Los Angeles, CA (PRWEB) December 27, 2012
The Orphanages and Group Homes industry contracted over the past five years, as demand for foster care fell. Revenue is generated from federal government social services funding, grants, state and local government contributions and private donations. The Department of Health and Human Services also provides aid through Medicaid funding, which covers healthcare costs for children and disabled individuals in the care of this industry. “Since 2007, the number of children in foster care has declined at an annualized rate of 3.7%, from 488,000 in 2007 to an estimated 403,249 in 2012,” says IBISWorld industry analyst David Yang. Consequently, the government reduced funding for this industry. Furthermore, during the recession, falling disposable income discouraged private donations, which further reduced revenue. As a result, in the five years to 2012, IBISWorld expects industry revenue to fall on average 1.3% per year to $8.3 billion. However, revenue is expected to increase 0.1% in 2012 as the economic recovery slightly bolsters private donations.
The majority of operators are nonprofit organizations. According to census data, only 24.7% of industry organizations operate on a for-profit basis. Over the past five years, falling donations and government funding reduced profit margins, causing some firms to consolidate or exit the industry. Additionally, government legislation and polices such as the Fostering Connections to Success and Increasing Adoptions Act of 2008 focused on placing children with relatives instead of in foster care, which reduced demand for this industry's services. Furthermore, this industry has closed down large group homes in favor of smaller facilities, as this allowed for more individualized care for children. Consequently, in the five years to 2012, the number of enterprises is expected to fall on average 0.9% per year to 8,121. In the five years to 2017, this industry is anticipated to decline as demand falls. Similar to the previous five years, foster care participation is projected to continue its decline from 2012 to 2017, though at a slower average rate. Additionally, the steady economic recovery will partly mitigate falling demand for foster care. According to Yang, federal funding for Medicaid is also anticipated to increase strongly and private donations will increase as disposable income recovers. Consequently, IBISWorld forecasts that revenue will fall on average 0.9% per year to $7.9 billion by 2017, a slower decline than the previous five years.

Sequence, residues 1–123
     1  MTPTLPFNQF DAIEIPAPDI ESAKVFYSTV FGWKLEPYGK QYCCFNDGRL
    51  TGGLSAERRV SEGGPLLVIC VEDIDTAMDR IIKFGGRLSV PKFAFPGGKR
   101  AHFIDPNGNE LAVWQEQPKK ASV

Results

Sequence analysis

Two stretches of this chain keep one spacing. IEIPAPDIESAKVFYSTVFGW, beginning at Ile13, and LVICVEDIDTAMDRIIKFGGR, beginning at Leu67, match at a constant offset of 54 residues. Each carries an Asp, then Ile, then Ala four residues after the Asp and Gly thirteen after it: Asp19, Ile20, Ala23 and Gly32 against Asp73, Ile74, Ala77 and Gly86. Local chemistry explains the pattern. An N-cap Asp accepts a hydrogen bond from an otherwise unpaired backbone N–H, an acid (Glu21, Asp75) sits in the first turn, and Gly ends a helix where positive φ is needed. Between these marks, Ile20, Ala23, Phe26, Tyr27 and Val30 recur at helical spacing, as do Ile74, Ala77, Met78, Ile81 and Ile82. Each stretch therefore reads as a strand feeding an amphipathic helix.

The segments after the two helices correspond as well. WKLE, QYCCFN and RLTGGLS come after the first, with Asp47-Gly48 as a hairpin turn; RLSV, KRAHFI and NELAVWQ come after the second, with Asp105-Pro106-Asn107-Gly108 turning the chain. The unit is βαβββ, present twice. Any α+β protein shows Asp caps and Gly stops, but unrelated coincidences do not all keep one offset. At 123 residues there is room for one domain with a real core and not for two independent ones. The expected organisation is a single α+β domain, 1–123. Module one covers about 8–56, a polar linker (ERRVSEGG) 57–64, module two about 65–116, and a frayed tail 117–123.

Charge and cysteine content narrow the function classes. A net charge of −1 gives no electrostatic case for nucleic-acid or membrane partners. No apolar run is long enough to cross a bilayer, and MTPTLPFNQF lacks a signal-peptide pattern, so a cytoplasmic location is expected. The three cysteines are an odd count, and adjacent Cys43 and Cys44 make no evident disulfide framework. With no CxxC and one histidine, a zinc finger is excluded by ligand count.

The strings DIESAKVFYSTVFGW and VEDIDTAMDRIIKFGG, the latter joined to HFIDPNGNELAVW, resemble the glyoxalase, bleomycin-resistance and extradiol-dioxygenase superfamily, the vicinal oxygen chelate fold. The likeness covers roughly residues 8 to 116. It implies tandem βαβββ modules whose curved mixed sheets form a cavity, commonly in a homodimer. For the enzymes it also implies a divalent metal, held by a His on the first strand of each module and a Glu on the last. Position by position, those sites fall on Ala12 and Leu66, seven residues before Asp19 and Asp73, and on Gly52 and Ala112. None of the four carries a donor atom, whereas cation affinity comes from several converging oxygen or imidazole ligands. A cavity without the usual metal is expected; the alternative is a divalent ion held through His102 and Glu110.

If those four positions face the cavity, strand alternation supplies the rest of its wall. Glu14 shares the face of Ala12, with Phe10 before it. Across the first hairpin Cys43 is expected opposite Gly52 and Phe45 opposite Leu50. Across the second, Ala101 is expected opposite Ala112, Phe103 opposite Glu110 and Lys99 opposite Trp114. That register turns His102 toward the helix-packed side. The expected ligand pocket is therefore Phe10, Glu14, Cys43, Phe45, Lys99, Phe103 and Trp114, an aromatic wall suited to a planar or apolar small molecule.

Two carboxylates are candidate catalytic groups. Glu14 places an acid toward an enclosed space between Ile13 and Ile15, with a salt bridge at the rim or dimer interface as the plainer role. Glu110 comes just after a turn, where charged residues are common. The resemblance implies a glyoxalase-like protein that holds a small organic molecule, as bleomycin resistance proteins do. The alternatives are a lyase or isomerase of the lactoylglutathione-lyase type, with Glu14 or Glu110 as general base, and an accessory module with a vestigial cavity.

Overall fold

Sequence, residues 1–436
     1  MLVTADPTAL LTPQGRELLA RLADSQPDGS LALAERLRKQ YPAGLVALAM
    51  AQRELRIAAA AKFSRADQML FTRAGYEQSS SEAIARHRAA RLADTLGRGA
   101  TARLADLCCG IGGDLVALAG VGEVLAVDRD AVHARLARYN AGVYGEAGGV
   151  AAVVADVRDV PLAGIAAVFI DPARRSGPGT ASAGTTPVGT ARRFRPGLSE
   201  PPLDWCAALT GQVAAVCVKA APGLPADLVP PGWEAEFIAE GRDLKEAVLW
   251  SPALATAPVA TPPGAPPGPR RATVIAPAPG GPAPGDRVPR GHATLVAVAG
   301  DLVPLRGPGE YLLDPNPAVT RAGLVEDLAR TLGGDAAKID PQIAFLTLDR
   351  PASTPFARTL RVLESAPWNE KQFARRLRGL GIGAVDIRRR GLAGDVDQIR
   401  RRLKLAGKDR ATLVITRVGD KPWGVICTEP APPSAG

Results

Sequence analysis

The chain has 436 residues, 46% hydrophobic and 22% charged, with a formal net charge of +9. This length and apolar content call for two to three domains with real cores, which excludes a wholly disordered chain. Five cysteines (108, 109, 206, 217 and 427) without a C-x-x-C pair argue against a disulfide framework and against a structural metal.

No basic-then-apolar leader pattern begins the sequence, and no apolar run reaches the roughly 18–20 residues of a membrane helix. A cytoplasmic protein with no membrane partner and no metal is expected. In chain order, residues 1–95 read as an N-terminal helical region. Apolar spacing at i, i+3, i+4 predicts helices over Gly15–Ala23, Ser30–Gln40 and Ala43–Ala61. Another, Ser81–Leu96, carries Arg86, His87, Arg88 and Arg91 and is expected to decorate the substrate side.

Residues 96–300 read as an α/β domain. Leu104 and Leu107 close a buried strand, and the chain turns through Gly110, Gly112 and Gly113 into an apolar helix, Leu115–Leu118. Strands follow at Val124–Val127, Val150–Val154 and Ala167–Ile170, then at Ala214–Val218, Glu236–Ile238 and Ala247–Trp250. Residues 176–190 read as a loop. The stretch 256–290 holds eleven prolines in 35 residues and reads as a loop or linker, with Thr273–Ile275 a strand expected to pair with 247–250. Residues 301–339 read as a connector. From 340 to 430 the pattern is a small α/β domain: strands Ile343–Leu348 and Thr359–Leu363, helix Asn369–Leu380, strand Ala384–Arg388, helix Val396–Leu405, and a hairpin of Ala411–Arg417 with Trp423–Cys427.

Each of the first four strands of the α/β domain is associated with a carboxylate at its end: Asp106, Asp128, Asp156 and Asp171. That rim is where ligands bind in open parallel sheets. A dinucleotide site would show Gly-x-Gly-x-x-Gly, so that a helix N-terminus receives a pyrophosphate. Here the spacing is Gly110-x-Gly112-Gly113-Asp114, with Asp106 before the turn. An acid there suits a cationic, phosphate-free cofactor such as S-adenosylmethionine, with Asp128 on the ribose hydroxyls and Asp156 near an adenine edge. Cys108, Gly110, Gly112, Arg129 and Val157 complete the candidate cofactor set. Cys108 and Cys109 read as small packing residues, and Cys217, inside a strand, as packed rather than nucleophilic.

In 2012, the top four companies in the Orphanages and Group Homes industry are expected to generate 7.4% of industry revenue, indicating a low level of market share concentration. While large organizations like ResCare and Boys Town operate across the country, most industry firms are small local organizations. This is because this industry provides residential care facilities primarily through group homes, children's villages, halfway homes and boot camps, which tend to be operated in a local sphere. In 2012, there are an estimated 8,121 organizations (enterprises) in this industry, of which 56.8% have less than 20 employees. For more information, visit IBISWorld’s Orphanages and Group Homes in the US industry report page.
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IBISWorld industry Report Key Topics
This industry includes foster homes, group homes, halfway homes, orphanages and boot camps. The industry does not include substance abuse facilities, retirement homes, correctional institutions or temporary shelters. While the industry provides some services to adults, these facilities are primarily for children and youth.
Key External Drivers
Industry Life Cycle
Products & Markets
Products & Services
Globalization & Trade
Market Share Concentration
Key Success Factors
Cost Structure Benchmarks
Barriers to Entry
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